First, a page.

Maine, the Northeastern UN stronghold?

Posted: 20/12/2008 in UN
Tags: , , ,

Plum Creek VS Maine, struggle still going on!

Yep! That’s right, Plum Creek just isn’t going to go away. I know that, you know that, and they know that. but most importantly, TNC knows that. but TNC can live with it because they’re getting everything they want, and you and I are going to be paying for it. Big time, I fear. I’ve been taking some criticism because of comments on the UN backing and increasing control over the state of Maine they are gaining, but so what. I have no plans of meekly accepting servitude to the one world government TNC is currently trying to sneak into the back door.

A recent news release says that Maine’s own Roger Milliken is ascending to the position of chairman for the board at TNC. Looky that folks, a man who has an eye on the 100,000 acres he owns in Maine’s woodland paradise is going to be running the show. You know, that’s the same position old Hank Panky Paulson held when the controversy over the Terra del Fuego scandal reared up. Yes indeed, the Maine connection to the UN is certainly being strengthened. You might recall a few posts ago when I mentioned that Susan Rice was appointed to be the Great B.O.’s ambassador to the UN in Maine’s growing UN connection…. We mustn’t forget that TNC is an NGO member of the UN.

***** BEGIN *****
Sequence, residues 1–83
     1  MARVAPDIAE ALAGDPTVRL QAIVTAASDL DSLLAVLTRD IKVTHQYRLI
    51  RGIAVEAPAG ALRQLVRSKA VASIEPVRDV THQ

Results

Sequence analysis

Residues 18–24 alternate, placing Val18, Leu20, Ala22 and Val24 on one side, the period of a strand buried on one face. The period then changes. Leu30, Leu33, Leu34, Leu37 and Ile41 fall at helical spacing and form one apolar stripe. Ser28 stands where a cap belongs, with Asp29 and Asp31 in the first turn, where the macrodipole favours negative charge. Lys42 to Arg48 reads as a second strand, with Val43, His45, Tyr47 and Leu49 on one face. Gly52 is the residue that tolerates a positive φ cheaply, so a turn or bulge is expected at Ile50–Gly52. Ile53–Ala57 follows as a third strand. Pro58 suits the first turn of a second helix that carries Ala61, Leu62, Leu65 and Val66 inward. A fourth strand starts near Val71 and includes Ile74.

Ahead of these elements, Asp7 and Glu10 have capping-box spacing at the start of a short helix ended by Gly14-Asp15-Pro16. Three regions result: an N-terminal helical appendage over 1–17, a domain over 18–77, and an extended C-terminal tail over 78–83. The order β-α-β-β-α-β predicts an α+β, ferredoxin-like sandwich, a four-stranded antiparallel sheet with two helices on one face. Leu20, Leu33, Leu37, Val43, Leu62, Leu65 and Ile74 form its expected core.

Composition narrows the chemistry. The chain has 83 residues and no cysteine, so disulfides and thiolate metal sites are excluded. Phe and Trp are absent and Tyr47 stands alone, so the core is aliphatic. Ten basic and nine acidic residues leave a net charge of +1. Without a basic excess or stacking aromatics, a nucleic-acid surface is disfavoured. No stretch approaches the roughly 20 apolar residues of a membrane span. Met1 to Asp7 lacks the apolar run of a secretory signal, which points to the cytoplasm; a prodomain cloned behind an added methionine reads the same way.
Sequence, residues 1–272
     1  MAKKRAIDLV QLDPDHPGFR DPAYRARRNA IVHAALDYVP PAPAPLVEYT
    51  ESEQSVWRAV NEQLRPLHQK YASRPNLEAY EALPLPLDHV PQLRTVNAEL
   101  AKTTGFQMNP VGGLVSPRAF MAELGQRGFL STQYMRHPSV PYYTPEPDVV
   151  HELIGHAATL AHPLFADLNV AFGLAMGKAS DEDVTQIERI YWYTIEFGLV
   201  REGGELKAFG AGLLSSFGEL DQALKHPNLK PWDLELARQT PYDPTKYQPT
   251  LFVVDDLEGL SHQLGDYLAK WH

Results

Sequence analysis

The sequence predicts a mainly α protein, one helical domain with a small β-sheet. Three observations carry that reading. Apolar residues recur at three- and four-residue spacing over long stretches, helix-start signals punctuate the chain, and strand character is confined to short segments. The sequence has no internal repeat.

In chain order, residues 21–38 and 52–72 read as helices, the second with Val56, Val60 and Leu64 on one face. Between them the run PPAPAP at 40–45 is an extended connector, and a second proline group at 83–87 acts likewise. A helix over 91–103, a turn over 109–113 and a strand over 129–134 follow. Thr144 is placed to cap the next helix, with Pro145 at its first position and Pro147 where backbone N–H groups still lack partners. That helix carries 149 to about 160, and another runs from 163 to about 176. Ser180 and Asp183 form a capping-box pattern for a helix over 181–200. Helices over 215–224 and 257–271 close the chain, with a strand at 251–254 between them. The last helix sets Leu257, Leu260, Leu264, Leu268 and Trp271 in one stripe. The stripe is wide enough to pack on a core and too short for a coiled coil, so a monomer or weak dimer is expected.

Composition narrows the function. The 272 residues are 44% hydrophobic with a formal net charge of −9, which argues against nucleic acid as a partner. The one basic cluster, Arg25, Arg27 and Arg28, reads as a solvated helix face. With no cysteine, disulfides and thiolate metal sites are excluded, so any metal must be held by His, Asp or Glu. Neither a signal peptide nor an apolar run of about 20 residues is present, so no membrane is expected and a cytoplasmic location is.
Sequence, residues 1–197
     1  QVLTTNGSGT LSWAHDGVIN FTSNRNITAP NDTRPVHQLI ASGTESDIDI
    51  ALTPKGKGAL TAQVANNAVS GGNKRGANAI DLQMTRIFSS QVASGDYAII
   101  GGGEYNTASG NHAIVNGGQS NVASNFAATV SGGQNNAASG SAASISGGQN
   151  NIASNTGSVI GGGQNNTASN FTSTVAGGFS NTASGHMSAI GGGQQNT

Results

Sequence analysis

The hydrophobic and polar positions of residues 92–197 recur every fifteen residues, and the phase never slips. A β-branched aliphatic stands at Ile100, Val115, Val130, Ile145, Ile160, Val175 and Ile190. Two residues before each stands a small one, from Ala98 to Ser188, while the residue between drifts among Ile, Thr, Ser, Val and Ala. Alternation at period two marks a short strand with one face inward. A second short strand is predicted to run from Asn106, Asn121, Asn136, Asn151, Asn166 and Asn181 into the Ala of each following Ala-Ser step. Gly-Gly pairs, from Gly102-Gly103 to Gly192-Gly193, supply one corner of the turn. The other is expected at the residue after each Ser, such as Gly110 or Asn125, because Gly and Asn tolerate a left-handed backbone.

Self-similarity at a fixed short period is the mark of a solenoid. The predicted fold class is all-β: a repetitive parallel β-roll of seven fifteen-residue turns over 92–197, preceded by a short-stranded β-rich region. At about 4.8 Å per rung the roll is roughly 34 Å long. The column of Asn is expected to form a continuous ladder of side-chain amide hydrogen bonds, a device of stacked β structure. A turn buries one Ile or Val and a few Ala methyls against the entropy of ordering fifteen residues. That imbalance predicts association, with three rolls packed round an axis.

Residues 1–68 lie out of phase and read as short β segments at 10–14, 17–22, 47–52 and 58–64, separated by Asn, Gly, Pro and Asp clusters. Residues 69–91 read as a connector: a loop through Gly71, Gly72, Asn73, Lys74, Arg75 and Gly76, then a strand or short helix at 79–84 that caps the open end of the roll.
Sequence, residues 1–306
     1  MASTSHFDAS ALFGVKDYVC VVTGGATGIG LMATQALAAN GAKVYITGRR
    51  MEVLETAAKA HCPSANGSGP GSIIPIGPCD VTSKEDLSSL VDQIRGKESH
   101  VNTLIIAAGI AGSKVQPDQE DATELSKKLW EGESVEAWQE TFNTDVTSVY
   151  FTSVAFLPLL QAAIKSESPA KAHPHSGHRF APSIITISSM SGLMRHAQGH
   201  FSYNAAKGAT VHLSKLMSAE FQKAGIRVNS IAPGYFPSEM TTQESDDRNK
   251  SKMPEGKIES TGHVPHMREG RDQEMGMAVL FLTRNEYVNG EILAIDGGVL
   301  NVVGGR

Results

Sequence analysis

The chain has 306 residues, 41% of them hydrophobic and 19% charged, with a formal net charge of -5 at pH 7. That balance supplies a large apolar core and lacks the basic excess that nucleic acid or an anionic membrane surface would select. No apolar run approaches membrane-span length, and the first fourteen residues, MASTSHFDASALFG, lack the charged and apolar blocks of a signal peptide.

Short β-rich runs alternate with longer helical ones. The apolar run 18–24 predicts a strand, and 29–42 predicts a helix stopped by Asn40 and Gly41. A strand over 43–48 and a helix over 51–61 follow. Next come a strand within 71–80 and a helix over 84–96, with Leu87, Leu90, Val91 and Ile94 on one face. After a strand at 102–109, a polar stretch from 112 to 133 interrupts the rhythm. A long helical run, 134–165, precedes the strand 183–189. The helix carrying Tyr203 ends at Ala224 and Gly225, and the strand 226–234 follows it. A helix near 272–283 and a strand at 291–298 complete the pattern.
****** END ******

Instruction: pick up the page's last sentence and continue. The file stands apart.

I first brought up Milliken in Showdown at Plum Creek where I talked a bit about some of the little things that will crop up and bite Maine on her tree covered butt because of the LURC’s decision to allow this plan to go forward. And to top things off, I get this please send us money letter from the NRCM the other day. Of course, they are using the Moosehead threat as an emotional gadget to get us to donate. To tell you the truth, unless they sever their relationship with TNC there is no way I will join, help, or contribute to the NRCM. It seems funny to me that while NRCM and Maine Audubon fight Plum Creek and TNC with a seemingly honest vigor, they are actually partnered in many ways. I really don’t buy into their claims of protest anymore. There’s just too much manipulation going on behind closed doors at the state level.